- Rationale: Articulate a vision, framework, and justification for the IPE plan.
- Outcome-based Goals: State in terms that will allow the assessment of students’ achievement of objectives and interprofessional competencies for collaborative practice.
- Deliberate Design: Intentionally design and sequence a series of classroom, extracurricular, and clinical learning activities integrated into the existing professional curriculum that are longitudinal in nature, spanning the entire length of the program and including content and instructional formats appropriate to the level of the learner and to the outcome-based goals.
- Assessment and Evaluation: Use methods to assess individual learners’ mastery of interprofessional competencies and to evaluate the IPE plan for quality improvement purposes; and if appropriate, education and practice outcomes, research and scholarship.
- The curricular decisions on IPE should be based on research that identifies the best educational strategies. This information is lacking in many areas because the IPE movement is still new, which means that more scholarship is required in this area. Many questions need to be resolved through thoughtful research and vigorous assessment of the various efforts. For example, what will be the typical practice models in the future and what would be the key roles of the various health professions? What are the specific skills needed to become an effective team member? Who are the important individuals that pharmacists need to interact with in the collaborative/integrative care environment? Does the nature of the pharmacist team role change in different practice settings (e.g., institutions vs ambulatory care)? What are the proper links between learner education, effective collaborative/integrative practice, and positive health outcomes? Resolution of these questions are needed before a valued based IPE curriculum can be successfully implemented.
- Despite our knowledge gaps, a crucial ingredient to any IPE curriculum is the level of discourse with students from other professions. The WHO definition of IPE emphasizes intense interaction of learners from different professions directed toward joint problem solving exercises . The key for pharmacy curricular planners is deciding the priority of formal contact with a multitude of professions given the inherent logistical challenges. ACPE’s standard 11 states that the “curriculum prepares all students to provide entry-level, patient-centered care in a variety of practice settings as a contributing member of an interprofessional team. In the aggregate, team exposure includes prescribers as well as other healthcare professionals” . This standard is helpful because it recognizes the medication management focus of pharmacy practice. However, it does not address the value of interactions with professionals who are not prescribers e.g., social work). These interactions should be based on their value to enhancing the perspective/knowledge of pharmacy students, not simply their educational accessibility. Co-location of these schools on the same campus is desirable but not necessary; it is appropriate to meet with students from other professions through specific collaborating institutions or through regional networks [9,36,37].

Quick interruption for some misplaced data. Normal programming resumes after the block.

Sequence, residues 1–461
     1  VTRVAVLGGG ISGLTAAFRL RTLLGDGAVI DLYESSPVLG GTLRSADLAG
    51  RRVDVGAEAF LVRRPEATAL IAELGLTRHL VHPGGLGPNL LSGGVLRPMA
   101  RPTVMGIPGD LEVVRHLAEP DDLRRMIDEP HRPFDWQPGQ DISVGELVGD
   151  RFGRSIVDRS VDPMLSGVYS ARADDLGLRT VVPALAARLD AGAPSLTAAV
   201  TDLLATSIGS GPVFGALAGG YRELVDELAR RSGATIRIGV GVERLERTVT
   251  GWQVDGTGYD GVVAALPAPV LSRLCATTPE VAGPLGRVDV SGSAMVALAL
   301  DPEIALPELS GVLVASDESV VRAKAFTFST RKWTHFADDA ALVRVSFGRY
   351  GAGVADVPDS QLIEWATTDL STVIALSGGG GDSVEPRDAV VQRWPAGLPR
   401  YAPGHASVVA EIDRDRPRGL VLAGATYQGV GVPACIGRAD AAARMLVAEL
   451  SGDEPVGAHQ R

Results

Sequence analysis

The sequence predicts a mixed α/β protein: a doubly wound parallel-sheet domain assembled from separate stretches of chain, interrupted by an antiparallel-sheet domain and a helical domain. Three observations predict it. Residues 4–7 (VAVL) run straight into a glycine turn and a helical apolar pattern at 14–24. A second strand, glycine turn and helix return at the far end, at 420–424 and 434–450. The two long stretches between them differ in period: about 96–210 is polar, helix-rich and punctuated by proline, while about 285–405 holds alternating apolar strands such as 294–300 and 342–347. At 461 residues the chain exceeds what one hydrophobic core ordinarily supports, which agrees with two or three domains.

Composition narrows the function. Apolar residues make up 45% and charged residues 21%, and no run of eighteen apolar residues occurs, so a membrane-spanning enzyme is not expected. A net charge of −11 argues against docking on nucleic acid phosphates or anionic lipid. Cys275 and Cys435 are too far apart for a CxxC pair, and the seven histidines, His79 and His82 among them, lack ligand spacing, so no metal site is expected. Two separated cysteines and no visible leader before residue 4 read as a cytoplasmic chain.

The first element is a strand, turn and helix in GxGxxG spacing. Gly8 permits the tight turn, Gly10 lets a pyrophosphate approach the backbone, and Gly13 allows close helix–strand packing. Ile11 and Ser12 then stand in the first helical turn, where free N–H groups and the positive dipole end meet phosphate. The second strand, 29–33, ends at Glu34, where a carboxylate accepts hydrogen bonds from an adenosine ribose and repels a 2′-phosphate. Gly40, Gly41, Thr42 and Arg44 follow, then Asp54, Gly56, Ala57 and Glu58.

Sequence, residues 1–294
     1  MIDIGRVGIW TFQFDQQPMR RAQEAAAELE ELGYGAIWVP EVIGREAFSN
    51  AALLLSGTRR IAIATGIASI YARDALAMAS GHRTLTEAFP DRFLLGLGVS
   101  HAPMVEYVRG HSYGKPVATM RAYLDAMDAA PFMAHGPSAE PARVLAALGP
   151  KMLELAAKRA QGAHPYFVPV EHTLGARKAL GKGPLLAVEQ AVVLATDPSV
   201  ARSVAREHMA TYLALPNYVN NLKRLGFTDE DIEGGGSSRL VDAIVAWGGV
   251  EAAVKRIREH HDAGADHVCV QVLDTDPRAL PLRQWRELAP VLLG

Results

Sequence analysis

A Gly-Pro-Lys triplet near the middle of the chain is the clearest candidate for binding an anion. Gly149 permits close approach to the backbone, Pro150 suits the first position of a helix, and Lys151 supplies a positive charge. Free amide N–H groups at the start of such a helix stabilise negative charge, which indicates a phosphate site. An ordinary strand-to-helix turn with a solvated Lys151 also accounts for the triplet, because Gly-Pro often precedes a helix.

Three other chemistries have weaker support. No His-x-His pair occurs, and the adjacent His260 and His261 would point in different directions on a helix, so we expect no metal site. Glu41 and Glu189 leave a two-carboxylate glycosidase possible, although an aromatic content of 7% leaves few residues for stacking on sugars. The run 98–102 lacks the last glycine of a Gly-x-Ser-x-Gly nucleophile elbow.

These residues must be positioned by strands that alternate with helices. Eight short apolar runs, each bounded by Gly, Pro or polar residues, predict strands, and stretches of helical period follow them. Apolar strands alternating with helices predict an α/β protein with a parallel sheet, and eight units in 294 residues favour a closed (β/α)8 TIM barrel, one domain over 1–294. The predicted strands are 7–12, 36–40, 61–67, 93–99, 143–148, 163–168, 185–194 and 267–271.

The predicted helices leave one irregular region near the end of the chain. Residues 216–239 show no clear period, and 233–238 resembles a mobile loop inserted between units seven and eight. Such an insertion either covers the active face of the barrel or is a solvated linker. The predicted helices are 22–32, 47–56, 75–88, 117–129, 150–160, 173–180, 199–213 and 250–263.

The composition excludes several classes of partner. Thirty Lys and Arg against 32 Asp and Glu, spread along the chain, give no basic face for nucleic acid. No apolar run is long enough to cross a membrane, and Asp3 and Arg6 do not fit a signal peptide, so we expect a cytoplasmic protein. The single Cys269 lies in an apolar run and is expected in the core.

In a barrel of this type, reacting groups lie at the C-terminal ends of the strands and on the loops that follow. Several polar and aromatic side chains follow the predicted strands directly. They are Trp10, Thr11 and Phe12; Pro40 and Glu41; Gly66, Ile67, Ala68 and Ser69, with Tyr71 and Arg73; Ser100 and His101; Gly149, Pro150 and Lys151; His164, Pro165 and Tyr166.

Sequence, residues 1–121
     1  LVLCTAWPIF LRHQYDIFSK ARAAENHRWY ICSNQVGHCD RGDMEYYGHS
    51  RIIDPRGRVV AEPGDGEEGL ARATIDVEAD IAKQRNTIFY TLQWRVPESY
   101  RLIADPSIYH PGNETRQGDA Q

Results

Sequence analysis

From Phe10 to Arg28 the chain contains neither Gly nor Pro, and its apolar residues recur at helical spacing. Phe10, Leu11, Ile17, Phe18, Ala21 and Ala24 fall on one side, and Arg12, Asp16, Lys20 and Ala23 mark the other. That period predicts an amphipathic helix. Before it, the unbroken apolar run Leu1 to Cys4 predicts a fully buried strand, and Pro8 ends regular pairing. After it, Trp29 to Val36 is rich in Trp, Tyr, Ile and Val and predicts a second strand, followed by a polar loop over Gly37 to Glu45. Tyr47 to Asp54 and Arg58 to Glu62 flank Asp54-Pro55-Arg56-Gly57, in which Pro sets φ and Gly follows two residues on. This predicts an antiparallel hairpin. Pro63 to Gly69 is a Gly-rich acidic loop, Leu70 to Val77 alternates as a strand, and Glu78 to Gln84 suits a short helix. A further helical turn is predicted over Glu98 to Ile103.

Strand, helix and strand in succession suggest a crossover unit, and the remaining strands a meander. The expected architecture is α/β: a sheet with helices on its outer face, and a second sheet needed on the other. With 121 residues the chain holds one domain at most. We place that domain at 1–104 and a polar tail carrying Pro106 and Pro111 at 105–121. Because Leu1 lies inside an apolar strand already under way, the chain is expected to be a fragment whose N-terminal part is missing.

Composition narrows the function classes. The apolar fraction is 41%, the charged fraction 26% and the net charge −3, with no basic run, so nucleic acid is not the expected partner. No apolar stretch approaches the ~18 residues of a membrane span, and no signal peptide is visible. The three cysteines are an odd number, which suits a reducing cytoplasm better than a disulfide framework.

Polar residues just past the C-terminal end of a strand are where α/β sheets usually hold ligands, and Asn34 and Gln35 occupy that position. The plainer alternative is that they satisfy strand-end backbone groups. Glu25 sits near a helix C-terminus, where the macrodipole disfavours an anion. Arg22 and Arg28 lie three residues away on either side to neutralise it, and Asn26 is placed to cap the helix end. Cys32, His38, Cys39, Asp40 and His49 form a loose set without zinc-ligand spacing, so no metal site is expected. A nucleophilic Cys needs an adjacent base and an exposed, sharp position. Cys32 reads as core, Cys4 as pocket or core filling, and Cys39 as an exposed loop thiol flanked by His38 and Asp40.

- The IPE emphasis should be on team building skills not just individual competencies . The models used to support the rationale for interprofessional education emphasize the value of health professional teamwork in creating positive health outcomes [1,2,27]. Thus, popular team building techniques such as TeamSTepps  or the Interprofessional Collaborator Assessment Rubric (ICAR)  should be used extensively in the teaching process in order to emphasize group development. The focus is on educating pharmacy students to engage in shared decision making, joint accountability for patient care and population health .
- Pharmacy educators need to accept, endorse, and participate in a multi-professional approach to teaching their students. These actions may consist of acquiring a new set of teaching skills. These skills include effective facilitation of formal team based learning, use of technology such as simulations, or creating/managing online multi-professional forums. There also must be a willingness to teach non-pharmacy learners and to encourage other professionals to instruct pharmacy students [28,31,35,41,42].
Conflicts of Interest
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